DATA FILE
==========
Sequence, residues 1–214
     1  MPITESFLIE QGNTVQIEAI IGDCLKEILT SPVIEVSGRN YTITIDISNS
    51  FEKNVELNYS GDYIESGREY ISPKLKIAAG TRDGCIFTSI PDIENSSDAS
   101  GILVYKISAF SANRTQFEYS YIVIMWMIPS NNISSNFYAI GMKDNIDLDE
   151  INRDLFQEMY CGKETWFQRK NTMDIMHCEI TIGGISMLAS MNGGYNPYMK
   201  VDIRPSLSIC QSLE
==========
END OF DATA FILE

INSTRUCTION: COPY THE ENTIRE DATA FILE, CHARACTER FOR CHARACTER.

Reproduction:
Sequence, residues 1–214
     1  MPITESFLIE QGNTVQIEAI IGDCLKEILT SPVIEVSGRN YTITIDISNS
    51  FEKNVELNYS GDYIESGREY ISPKLKIAAG TRDGCIFTSI PDIENSSDAS
   101  GILVYKISAF SANRTQFEYS YIVIMWMIPS NNISSNFYAI GMKDNIDLDE
   151  INRDLFQEMY CGKETWFQRK NTMDIMHCEI TIGGISMLAS MNGGYNPYMK
   201  VDIRPSLSIC QSLE